Microplastics were discovered in human blood in a study conducted by researchers from The Netherlands
For the first time, microplastics have been found in human blood, raising concerns that the ubiquitous particles are also making their way into organs. Researchers analyzed blood samples from 22 anonymous and healthy adults and found four types of microplastics in 17 of them. It included particles of polyethylene terephthalate (or polyester, used to make clothing and plastic bottles) and styrene, widely used in many industries, including food packaging.
Plastic fragments that are virtually undetectable have been already present almost everywhere else on the planet, from the oceans to the highest peaks and in the air, soil, and food chain. The term “microplastics” is used to distinguish them from “macroplastics,” such as plastic bottles and bags.
There are two categories of microplastics: primary and secondary
Primary Microplastics: They are tiny particles designed for commercial use. e.g., in personal care products like cosmetics as well as clothing and other textiles.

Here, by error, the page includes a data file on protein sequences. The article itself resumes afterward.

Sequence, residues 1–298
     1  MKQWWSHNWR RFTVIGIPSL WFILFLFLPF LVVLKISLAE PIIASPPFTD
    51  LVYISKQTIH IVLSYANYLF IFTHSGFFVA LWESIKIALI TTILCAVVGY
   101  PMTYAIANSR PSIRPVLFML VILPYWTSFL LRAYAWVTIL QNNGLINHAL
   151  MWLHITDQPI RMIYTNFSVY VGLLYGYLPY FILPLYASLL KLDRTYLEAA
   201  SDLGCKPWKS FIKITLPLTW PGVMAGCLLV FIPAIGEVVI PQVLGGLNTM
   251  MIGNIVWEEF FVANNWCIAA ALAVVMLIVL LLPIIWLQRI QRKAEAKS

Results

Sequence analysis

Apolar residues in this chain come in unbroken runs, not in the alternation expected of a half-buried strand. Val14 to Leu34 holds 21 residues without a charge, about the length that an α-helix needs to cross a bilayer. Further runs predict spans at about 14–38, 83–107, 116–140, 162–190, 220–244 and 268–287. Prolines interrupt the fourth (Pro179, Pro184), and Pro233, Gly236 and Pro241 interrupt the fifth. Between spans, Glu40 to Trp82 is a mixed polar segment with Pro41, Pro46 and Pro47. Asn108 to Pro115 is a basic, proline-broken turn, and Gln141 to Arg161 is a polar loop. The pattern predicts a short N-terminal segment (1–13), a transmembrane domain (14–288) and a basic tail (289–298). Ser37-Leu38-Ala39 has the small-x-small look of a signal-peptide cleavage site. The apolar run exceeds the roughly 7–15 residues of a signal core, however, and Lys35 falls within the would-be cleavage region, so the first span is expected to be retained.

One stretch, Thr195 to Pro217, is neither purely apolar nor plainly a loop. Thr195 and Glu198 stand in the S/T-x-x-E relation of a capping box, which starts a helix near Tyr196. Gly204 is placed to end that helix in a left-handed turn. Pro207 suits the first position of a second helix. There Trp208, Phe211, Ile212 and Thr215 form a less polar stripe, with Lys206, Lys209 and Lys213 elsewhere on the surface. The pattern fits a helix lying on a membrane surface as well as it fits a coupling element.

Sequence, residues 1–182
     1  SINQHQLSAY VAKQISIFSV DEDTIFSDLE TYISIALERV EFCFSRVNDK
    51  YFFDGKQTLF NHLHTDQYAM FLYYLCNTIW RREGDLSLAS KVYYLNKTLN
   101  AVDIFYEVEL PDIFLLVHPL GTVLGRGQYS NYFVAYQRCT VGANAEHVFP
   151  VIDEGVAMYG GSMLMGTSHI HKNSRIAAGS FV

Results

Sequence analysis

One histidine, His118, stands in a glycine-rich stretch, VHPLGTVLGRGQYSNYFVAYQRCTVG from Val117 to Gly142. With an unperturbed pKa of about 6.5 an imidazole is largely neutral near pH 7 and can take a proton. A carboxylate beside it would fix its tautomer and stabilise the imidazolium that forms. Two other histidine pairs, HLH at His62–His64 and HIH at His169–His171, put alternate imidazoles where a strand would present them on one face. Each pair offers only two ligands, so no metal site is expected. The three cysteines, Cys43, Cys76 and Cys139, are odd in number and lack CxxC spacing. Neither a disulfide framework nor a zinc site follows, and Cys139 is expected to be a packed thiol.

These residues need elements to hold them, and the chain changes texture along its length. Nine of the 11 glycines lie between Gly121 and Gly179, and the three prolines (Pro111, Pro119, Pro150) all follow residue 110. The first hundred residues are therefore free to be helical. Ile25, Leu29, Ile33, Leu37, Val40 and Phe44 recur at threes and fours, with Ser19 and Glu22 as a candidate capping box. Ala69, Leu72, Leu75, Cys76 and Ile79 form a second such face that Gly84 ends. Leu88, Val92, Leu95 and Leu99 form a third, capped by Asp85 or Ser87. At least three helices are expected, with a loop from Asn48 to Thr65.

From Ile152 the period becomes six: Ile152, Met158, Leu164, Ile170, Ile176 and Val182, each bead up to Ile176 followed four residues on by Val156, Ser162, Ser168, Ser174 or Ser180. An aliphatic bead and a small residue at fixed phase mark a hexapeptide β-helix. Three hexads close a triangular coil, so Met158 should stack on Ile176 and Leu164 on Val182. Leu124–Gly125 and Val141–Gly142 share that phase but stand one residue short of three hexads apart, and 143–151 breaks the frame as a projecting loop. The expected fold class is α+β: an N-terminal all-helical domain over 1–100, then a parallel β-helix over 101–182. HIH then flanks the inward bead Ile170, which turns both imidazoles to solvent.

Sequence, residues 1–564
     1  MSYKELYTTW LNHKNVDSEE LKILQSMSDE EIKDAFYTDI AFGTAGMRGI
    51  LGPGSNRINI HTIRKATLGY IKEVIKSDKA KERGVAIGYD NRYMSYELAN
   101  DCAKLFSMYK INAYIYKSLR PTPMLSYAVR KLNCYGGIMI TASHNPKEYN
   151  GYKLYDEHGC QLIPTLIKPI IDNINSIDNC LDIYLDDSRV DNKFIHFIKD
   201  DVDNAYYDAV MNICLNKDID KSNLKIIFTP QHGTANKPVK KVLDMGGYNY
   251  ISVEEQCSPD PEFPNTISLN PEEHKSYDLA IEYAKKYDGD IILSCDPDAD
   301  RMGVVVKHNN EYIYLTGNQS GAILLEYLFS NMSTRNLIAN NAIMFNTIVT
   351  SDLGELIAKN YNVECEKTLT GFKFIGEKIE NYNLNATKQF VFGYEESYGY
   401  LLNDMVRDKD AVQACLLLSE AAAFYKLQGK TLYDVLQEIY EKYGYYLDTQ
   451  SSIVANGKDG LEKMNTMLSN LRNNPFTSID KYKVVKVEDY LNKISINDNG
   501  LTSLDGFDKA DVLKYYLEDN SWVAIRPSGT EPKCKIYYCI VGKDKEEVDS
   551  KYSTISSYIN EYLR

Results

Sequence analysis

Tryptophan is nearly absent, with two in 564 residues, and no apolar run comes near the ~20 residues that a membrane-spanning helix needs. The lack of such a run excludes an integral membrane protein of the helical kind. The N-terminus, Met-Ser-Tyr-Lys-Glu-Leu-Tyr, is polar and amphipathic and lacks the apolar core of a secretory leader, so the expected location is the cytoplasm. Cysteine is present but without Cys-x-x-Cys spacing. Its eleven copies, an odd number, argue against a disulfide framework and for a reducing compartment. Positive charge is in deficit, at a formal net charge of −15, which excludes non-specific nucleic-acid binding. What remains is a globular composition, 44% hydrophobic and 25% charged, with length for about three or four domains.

Secondary Microplastics: They are formed from the breakdown of larger plastics such as water bottles. This breakdown is caused by exposure to the sun’s radiation and ocean waves.
Personal initiatives such as avoiding disposable utensils in favor of using one’s own and discontinuing bottled water and plastic packaging are just a few steps that can reduce microplastic pollution. Also, we need to work together to significantly reduce the amount of litter seen along beaches and in oceans. Thirdly, policies need to be made to use only biodegradable plastics.
It is not yet clear if these microplastics can cross over from the bloodstream to deposit in organs and cause diseases. In general, babies and young children are more vulnerable to exposure.
Source: The Guardian